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Big Fag Press Emerging Artists Residency Programme

Announcing our first project for 2013:
the Big Fag Press Emerging Artists Residency Programme.

For three weeks in January 2013, Big Fag Press will host two emerging artists in its Woolloomooloo workshops. In fact, they both showed up this morning all starry eyed and excited about starting a new project from scratch!

Who are they? Laura Hindmarsh (from Hobart) and Pat Grant (from Wollongong).

pat grant

Pat Grant churning through prototypes for his Big Fag project…

Laura is known for her video and performance work; Pat is an accomplished comic book maker. Both are committed to interdisciplinary practice, collaboration and experimentation, which makes them ideal for our residency programme.

laura hindmarsh

Laura Hindmarsh developing new ideas on “Day One” of the residency…

The idea is to provide an opportunity to artists who would not normally be able to afford such a luxurious period of time playing around on our machine. It also means that we at the Big Fag extend ourselves, trying out ways of working that are outside of our normal methods.

In Sydney, Pat and Laura be accommodated by Artspace‘s residential studios in Woolloomooloo (10 minutes walk from Big Fag Press). Artspace has been a terrific supporter of Big Fag, ever since we moved to Woolloomooloo a few years ago.

Pat and Laura will work intensively with Big Fag Press personnel. The advantage of having two simultaneous artists in residence is that their projects can cross-pollinate as they evolve. They may, if they choose, even collaborate with each other!

At the end of the residency period, we’ll host an informal launch at the First Draft Depot, so you can see what Laura and Pat have come up with. (The launch will probably take place on the afternoon of February 3rd – we’ll update here shortly). Many thanks to First Draft Gallery for supporting this whole programme!

Meantime – if you’d like to pop down between now and the beginning of February, please get in touch – we’ll put on the kettle for ya!

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The Big Fag Press Emerging Artist Residency Programme is supported by the Australia Council for the Arts’ grant for Artist Run Initiatives.

ozco logo

Working with Old Plates

knab everyday plate cleaner

photo by Louise Anderson

Warning!! Boring Technical Blog Post

Sometimes we store offset litho plates we’ve used, thinking, “maybe we’ll do a reprint of this one”.

Rarely do we do a reprint…

But we’re in the process of getting around to reprinting the popular Mapping Sydney prints of Jane Shadbolt, and also those of Naomi Stead, Katrina Schlunke and Trina Day.

We still have the plates from way back in 2009 when we produced a non-editioned set of these works for a show at UTS.

Yesterday, when we retrieved the Sydney Letters plate, it looked pretty rough. It still had old ink on it, which we couldn’t remove with our normal plate cleaner (“gum washout”), and it looked like it hadn’t been “gummed” before going into storage.

Usually this means that the non-printing areas of the old plate have been exposed to air, and thus corroded, and the ink will be attracted to the raw metal corroded ‘pits’.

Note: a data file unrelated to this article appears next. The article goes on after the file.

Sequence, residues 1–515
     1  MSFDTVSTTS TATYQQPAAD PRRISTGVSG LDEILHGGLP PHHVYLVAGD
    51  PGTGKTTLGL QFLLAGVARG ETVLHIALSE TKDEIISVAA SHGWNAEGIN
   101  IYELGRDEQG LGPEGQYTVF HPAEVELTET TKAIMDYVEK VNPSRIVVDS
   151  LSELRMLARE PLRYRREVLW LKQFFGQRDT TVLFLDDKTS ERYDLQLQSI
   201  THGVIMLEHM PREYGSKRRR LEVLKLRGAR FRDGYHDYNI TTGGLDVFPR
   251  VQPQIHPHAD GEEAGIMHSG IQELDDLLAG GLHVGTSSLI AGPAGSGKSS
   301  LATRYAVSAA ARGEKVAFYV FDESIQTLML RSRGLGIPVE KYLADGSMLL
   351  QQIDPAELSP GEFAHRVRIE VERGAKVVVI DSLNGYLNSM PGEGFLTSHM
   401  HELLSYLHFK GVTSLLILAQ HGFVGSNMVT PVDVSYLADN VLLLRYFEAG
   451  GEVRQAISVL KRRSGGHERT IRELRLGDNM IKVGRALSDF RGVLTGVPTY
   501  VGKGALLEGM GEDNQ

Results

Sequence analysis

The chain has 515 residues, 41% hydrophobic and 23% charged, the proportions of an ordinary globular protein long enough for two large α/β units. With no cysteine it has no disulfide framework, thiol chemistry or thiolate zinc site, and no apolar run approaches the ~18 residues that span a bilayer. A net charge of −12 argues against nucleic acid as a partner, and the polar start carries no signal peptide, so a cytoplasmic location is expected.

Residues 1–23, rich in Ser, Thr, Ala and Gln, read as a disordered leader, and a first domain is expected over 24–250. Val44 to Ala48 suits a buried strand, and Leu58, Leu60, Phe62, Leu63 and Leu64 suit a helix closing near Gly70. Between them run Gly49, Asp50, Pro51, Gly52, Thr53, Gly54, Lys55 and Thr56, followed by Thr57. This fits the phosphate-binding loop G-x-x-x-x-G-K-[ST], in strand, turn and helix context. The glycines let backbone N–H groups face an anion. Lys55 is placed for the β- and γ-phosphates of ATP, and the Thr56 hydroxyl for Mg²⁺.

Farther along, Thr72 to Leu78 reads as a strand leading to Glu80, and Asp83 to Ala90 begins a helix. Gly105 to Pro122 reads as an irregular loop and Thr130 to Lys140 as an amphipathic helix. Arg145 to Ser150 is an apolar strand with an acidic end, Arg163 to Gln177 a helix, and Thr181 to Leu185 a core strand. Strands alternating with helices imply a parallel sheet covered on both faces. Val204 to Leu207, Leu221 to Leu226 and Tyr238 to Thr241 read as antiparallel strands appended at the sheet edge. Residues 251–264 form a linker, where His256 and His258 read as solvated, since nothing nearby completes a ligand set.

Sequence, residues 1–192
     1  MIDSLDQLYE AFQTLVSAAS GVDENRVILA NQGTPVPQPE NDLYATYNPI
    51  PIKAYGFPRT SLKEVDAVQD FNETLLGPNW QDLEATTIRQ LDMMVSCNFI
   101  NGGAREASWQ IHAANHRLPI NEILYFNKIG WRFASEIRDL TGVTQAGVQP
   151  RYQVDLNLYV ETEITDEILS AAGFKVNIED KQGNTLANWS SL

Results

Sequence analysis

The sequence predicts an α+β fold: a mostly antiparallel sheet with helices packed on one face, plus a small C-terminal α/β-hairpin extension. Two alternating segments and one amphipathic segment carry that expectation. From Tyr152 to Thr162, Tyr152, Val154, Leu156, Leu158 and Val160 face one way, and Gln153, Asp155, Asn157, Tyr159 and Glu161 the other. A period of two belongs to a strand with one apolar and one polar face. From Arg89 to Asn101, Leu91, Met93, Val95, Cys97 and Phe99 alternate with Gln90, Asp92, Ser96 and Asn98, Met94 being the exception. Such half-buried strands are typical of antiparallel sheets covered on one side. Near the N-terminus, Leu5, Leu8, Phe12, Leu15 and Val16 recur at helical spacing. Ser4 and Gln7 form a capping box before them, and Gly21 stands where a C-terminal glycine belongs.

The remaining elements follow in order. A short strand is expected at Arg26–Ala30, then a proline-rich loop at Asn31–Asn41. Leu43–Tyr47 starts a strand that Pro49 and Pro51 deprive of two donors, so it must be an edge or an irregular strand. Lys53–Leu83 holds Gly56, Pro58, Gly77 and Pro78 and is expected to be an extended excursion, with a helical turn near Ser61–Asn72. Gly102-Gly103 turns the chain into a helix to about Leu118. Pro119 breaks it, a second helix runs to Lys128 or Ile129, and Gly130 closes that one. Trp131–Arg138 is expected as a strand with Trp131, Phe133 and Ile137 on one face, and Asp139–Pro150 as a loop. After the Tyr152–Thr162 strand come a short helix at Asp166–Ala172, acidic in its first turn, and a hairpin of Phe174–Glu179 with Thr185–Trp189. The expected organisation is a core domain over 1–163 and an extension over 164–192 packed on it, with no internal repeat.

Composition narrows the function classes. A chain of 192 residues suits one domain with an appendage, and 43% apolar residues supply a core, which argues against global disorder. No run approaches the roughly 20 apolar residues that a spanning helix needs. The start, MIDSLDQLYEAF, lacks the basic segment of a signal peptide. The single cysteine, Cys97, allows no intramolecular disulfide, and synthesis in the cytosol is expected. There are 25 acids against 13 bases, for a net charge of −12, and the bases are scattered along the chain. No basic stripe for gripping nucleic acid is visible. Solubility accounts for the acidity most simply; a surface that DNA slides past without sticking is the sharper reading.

When we tried to print it (as part of the process of testing whether we needed to get new plates made), the non-print areas of the plate were indeed ‘dirty’ – and we were getting specks and smudges transferred to the blanket and thus the paper.

Louise and I were resigned to the idea of having to chuck out the plate and get a new one made.

But before we gave up entirely, I googled “lithographic plate corrosion” and found this fabulous name for our problem: Ink Dot Scum

Ink Dot Scum:

A printing problem found on aluminum plates used in offset lithography characterized by thousands of tiny, inked dots in non-image portions of the plate. Ink dot scum is caused by corrosion of the aluminum, which forms thousands of tiny pits that, when the film of fountain solution wears off, fill with ink.

The corrosion is commonly caused by adding a layer of water to the surface of the plate and allowing it to evaporate slowly, providing enough time for oxidation of the metal surface to occur. It is also found frequently in a band corresponding to the position of a wet dampening roller.

If the scumming is caught in time, and its effects are still localized within a small region of the plate, a solution of phosphoric acid and gum arabic can be used to eliminate it. If it has progressed far, the plate may be unusable.

That sounds pretty much spot on.

I then rummaged around in our chemical cupboard and lo and behold, I found the above bottle. (Who knows where it came from – so many of our printing supplies are “hand-me-downs” from defunct commercial printing presses).

I rang KNAB, the manufacturer, who had cleverly put their phone number on the bottle. Indeed, this stuff was a mixture of phosphoric acid and gum arabic! The very helpful fellow from Knab said it might work, depending on how far gone the corrosion was. Basically, as I understand it, the acid cuts through the ink build-up on the plate, and then a new layer of gum is put over the top. This thin gum-film stops the inking rollers from coming into contact with the corroded pits in the plate.